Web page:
City of Campbell River to give ‘exceptional’ amount of tax breaks in 2017

Rate of municipal property tax rates increases by nearly 15 per cent over last year

1 community organizations a Permissive Tax Exemption in 2017 – a move that had at least one group feeling left out.

Council, at its Monday meeting, approved $788,048 worth of property tax breaks, of which $425,568 is made up by the city and $362,480 is provided by other taxing authorities such as the school district, hospital district and Strathcona Regional District. The exemptions are a way for council to support community organizations by exempting land and/or improvements from municipal property taxation.

While the majority of community groups got what they were asking for, some had only a portion, or in one case zero per cent, of what they applied for approved.

Lesia Davis, chair of the Community Partnership Committee, which evaluates applications based on guidelines established by city council, said the committee recommended that Total Change Ministries, which operates Spirit 88.7 FM, a Christian radio station, and leases space at the Campbell River Common Mall, be denied a tax break.

Though the non-profit has received a 100 per cent Permissive Tax Exemption since 2012, Davis said that in reviewing applications, “it was noted that while Total Change Ministries does significant work to relieve poverty and improve the lives (of) those in need across the globe, there was no evidence of benefit to the local community in their application.”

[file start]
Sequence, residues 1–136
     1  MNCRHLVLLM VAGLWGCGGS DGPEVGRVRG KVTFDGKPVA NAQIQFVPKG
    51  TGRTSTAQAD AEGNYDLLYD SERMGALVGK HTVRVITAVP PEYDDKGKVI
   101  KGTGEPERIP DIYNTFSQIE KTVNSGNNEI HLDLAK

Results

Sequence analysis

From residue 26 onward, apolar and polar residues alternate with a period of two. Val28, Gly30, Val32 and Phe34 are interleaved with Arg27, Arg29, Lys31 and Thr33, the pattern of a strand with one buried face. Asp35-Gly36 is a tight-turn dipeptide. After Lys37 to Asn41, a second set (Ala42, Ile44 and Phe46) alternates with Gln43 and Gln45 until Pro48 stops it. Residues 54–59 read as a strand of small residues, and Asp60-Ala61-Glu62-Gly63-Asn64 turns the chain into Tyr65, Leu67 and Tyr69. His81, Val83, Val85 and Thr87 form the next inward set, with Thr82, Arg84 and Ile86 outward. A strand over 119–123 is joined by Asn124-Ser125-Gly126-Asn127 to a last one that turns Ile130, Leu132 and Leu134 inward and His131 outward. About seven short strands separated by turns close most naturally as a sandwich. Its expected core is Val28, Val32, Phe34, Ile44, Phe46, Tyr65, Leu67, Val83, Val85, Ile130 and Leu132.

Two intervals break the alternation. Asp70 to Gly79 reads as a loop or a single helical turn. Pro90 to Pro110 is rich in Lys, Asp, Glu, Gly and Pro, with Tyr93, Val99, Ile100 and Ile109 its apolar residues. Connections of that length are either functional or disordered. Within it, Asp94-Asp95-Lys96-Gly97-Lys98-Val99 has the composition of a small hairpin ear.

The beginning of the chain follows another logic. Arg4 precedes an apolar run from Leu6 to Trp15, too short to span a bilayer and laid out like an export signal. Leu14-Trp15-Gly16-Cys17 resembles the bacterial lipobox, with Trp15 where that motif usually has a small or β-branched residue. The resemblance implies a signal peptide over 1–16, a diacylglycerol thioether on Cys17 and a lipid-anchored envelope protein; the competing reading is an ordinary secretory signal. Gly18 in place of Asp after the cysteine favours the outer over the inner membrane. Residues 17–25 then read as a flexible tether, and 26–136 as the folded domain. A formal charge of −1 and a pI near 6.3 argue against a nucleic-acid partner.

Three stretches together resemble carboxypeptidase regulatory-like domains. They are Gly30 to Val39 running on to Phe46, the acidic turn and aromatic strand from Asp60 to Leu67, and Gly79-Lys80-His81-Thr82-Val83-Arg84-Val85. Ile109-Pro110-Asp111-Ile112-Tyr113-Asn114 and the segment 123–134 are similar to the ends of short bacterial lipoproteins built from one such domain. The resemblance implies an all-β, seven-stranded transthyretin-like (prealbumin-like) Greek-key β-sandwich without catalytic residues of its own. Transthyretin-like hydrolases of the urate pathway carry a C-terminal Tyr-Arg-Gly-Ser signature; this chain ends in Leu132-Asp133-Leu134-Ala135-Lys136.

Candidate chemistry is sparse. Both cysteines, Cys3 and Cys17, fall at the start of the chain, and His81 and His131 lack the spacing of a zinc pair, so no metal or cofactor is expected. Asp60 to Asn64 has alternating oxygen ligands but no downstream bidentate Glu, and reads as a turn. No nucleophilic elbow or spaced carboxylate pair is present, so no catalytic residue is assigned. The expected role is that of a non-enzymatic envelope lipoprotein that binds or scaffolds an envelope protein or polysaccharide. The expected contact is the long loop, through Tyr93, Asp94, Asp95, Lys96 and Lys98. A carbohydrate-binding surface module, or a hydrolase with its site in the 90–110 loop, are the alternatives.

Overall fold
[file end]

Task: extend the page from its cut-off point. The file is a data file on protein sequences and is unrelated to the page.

Council’s Permissive Tax Exemption policy states that applicants must provide evidence of a strong and clear mandate to provide services for the benefit of the community.

Terry Somerville, president of Total Change Ministries, said the radio station meets that criteria but he missed outlining that work in his application. Somerville detailed how the radio station benefits the community in a letter that was presented to city council just prior to Monday’s meeting.

“Every hour of the day we promote other local community organizations and their events,” Somerville wrote in a letter to council. “We offer advertising free of charge to all non-profit organizations in the city.”

Somerville said Spirit FM promotes events like the Shoreline Arts Carving Contest, Logger Sports, Dragon Boat regatta, and most recently the city’s year-end events at Centennial Pool and the Willow Point splash park, as well as the Museum’s steam donkey celebration on Labour Day, and the North Island Cruiser’s Show ’n Shine.

Council, not wanting to thwart the Community Partnership Committee’s process, left the tax exemption list as is but only gave it first and second reading on Monday. Council could still add the radio station at an upcoming council meeting.

Other groups that did not receive full Permissive Tax Exemptions included the Campbell River Centre for Spiritual Living, which was granted a 75 per cent exemption, and the Discovery Masonic Temple, which was awarded a tax break on 25 per cent of its property tax fees.